There’s something nostalgic about writer Steve Niles (30 Days of Night) and artist Christopher Mitten’s (30 Days of Night) collection of their comic run, Criminal Macabre: The Third Child. Reading it I was carried back to a time when I nestled up and, for the first time, scarred my far-too-innocent eyes reading Lobo’s Back. The violent carnage that sweeps across the panels of Criminal Macabre reminded me specifically of that experience. And, not just in that there’s plenty of violence; it’s that it’s all so nonchalant. Yep, that guy just got his head tore in two – moving on.
Mitten’s art reminds me of Bisley and Giffen’s work, and Michelle Madsen’s colors (Buffy the Vampire Slayer) reminds me of Lovern Kindzierski’s gory spectacle. It’s hard for me to talk about one without thinking about the other. Lobo’s Back had a profound effect on me. My high school freshman, Christian-bred mind had to immediately pick up that first issue again, even though I was afraid to look at the pages. In Criminal Macabre, bodies are stretched, ripped, gutted, twisted, and squeezed in such hyper-realistic ways that it affects my brain on some subconscious, nightmare-like level. Maybe that’s why – maybe these images are too surreal, too close to my worst nightmares. Bravo to them for reaching that point of horror. Truly. It takes keen artistry to reach someone’s base subconscious like this.
Niles’ work as a writer isn’t to be overlooked. In Cal, Niles has given us the dangerous, trenchcoated, chain-smoking anti-hero that harkens back to the ’90s, as well – in a good way. This is a character that I would have mimicked to death in my teens. Normally, he just fights monsters (Nay, tears them to pieces!) and explains it to us, but now, at least in this chapter of the series (that’s been around for a few years), he’s become a ghoul that fights other monsters. He has some undead types that try and help him maintain his humanity, even though he wants to just rip things to pieces, but before we can dive into any real exposition, crazy stuff just starts happening. It’s the end of the world – and it feels like it. Niles knows he’s dealing with demons, so anything goes and he just lets it. A war between the first “two” children – creepy, pink, little baby demons who are looking for the third – is waged against humanity. What’s their motivation – I have no idea, which makes it a little bit creepier. Humanity would surely lose if we didn’t have heroes with darker sides. And, as suddenly as the story began, it comes to a crashing halt. I’m not sure why it started and I have no idea how it ended, but it’s a solid, fun, gruesome read.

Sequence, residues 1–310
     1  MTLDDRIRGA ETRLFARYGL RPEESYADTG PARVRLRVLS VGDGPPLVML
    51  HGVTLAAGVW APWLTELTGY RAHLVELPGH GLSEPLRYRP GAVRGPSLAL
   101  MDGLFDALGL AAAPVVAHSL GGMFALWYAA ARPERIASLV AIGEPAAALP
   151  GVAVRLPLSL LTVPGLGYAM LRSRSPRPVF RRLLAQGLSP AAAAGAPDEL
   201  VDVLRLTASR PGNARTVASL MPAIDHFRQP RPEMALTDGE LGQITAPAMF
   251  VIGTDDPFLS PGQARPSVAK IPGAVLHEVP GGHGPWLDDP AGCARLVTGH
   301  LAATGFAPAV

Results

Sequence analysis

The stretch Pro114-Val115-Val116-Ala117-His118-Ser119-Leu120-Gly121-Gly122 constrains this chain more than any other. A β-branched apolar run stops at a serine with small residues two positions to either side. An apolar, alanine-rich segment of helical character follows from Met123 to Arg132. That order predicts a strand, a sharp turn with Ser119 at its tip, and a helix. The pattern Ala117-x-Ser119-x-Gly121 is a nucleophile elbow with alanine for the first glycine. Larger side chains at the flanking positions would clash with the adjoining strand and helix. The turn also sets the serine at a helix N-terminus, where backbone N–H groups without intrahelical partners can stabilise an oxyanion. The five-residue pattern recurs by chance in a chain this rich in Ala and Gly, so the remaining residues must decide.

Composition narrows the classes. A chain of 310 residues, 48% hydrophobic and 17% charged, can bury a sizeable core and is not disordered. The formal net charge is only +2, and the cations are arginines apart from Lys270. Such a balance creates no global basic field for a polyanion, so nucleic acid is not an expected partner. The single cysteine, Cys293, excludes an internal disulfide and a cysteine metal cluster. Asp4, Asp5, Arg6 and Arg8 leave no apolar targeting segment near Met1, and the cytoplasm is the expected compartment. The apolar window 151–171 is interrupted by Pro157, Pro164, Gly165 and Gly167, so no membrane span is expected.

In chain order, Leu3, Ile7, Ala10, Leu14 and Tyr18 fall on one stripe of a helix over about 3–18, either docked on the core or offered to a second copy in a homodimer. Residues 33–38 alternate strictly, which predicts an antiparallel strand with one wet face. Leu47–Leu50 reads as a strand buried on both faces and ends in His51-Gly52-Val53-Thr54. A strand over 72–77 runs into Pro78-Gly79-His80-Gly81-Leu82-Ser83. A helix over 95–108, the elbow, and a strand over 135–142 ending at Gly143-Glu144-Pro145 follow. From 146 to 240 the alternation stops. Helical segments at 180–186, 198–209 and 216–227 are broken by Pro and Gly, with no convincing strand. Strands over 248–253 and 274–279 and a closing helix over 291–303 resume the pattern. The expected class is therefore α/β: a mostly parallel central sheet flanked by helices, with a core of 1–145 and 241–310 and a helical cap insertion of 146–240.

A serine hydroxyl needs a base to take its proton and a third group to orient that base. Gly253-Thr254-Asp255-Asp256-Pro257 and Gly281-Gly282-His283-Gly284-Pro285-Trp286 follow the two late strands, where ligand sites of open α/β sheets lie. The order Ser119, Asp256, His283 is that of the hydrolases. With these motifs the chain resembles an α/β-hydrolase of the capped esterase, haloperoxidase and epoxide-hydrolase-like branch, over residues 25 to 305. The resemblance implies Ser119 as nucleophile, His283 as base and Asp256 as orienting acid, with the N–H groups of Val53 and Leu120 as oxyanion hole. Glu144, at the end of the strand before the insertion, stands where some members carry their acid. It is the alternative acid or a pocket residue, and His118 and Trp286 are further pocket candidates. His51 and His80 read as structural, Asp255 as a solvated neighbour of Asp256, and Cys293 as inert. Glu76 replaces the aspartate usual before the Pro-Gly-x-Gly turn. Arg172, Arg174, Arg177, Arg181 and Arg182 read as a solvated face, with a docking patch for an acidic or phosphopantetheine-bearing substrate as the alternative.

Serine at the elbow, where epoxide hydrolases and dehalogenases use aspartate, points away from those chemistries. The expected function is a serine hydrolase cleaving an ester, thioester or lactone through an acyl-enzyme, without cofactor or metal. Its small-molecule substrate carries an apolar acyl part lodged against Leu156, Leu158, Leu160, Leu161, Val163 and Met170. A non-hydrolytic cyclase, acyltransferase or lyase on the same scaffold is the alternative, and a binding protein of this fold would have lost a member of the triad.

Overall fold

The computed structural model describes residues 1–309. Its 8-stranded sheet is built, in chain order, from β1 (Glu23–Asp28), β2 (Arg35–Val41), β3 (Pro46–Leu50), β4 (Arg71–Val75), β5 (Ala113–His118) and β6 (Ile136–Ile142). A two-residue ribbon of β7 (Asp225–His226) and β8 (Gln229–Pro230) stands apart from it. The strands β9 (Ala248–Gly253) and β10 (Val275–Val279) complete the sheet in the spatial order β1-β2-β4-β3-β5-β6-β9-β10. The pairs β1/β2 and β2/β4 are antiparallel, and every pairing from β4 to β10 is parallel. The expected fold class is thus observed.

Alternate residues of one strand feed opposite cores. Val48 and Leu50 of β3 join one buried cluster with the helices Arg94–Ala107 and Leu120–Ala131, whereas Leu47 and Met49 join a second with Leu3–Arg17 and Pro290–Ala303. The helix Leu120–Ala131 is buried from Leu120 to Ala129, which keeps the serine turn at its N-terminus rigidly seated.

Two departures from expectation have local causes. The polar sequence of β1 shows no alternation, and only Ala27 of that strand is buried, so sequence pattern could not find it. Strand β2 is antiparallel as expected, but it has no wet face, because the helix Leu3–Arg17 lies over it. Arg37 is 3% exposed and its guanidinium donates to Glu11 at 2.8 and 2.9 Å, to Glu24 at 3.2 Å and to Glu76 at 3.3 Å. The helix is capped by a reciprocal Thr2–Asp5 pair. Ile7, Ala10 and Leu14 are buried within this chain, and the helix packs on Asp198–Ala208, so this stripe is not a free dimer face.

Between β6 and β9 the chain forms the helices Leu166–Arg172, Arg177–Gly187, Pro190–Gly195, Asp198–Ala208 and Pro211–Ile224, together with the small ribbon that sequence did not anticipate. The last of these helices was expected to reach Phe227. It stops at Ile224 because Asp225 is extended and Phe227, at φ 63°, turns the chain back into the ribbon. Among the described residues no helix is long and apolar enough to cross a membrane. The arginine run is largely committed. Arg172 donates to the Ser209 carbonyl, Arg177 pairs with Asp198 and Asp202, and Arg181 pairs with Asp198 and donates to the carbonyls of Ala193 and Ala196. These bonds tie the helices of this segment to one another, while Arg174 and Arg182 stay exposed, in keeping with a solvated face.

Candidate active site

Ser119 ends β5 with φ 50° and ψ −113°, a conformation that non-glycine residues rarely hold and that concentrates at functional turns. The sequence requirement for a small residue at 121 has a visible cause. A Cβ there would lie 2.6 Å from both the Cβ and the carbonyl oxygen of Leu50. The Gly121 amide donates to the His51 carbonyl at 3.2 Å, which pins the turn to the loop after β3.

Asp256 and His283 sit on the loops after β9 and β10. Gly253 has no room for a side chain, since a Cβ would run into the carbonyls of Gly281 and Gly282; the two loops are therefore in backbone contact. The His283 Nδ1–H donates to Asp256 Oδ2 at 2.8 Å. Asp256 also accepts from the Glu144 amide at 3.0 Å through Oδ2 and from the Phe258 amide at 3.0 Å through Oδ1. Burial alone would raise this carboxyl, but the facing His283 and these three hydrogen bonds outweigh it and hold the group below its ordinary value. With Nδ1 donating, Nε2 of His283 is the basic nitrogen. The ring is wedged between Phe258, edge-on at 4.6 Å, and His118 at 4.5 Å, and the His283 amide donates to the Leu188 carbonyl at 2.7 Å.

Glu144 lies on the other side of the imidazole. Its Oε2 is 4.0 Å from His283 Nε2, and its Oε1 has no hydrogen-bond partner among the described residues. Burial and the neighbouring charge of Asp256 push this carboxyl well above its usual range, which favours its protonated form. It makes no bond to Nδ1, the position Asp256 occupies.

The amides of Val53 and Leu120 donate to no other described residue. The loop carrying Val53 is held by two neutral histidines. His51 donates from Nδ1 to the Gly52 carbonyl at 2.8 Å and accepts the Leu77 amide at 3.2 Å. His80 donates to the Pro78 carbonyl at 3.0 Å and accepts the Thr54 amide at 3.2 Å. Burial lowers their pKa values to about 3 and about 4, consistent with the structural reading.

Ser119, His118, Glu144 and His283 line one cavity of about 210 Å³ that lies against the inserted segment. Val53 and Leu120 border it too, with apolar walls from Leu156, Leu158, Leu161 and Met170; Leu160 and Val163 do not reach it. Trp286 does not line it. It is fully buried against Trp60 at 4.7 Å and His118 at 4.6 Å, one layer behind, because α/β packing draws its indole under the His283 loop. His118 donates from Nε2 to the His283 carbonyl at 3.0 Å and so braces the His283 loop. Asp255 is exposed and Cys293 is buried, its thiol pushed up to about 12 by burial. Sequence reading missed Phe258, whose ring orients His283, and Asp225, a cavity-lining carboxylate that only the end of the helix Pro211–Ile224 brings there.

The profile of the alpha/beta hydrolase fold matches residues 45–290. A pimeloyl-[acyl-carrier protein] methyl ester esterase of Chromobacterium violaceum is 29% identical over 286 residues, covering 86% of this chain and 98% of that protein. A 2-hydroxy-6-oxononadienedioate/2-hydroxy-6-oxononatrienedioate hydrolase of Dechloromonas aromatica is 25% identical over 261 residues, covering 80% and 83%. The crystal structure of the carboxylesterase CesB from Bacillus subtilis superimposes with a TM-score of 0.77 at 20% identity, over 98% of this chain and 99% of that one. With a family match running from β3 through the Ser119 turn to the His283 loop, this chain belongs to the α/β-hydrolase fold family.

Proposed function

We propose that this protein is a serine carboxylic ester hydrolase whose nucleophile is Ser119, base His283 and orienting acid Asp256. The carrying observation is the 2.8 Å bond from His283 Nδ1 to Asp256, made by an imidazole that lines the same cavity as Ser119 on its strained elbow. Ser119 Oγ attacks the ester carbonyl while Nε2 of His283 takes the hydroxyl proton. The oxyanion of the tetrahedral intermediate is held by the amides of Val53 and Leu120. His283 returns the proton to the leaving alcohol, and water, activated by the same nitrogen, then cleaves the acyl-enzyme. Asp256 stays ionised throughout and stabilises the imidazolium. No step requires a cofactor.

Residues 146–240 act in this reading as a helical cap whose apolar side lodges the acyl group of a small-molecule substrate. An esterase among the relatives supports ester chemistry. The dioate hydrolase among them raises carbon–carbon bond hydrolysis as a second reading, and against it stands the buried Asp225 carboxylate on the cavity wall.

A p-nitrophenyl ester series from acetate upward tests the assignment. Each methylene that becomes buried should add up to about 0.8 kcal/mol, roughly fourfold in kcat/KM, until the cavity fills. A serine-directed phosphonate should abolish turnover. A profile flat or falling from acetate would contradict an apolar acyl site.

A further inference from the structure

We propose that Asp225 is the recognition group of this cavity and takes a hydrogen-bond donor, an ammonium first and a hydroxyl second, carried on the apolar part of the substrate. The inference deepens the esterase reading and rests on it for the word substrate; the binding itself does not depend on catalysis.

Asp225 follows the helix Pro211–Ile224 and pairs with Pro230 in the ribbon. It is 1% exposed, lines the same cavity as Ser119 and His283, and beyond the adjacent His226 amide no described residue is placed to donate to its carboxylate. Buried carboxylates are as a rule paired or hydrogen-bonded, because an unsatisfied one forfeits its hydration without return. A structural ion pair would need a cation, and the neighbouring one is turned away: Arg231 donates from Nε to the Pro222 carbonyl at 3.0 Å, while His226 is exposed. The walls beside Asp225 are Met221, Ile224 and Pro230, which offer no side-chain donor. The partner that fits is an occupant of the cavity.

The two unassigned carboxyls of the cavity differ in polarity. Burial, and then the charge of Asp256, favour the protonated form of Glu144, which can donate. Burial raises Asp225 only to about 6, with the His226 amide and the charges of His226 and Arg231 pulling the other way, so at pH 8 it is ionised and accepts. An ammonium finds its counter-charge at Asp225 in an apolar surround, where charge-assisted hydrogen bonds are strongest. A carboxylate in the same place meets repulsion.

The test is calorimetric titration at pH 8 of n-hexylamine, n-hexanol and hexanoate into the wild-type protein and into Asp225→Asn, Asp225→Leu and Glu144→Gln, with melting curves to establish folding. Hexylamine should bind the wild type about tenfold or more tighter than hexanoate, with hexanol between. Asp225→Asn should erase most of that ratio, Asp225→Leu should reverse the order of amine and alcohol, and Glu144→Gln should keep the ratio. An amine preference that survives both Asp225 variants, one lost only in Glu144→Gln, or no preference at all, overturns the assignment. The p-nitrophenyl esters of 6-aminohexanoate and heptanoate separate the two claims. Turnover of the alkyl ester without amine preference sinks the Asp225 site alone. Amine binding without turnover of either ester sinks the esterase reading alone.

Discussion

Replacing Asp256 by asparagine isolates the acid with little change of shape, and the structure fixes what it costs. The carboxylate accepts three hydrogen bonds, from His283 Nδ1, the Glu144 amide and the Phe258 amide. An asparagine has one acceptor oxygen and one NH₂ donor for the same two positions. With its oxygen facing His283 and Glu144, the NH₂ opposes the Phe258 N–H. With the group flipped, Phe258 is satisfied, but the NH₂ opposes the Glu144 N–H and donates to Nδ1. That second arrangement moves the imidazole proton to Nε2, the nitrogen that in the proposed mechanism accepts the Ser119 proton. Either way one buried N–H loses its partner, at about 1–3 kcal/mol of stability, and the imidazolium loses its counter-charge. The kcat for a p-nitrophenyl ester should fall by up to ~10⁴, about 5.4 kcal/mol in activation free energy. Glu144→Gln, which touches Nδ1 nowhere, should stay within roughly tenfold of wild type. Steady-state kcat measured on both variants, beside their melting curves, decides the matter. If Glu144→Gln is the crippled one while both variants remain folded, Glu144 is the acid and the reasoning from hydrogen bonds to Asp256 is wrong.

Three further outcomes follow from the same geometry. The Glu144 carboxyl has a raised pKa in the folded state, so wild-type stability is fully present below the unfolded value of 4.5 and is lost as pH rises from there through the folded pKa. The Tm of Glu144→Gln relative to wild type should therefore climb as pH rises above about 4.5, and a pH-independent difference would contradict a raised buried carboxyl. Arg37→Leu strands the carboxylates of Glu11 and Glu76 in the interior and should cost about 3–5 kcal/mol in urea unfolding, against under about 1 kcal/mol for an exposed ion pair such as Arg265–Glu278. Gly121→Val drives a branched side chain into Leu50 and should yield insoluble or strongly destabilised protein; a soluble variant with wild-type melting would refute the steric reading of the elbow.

One really fun moment is when Cal finds it in himself to have a heart to heart with his father for advice. A very fun and twisted take on an old plot trope.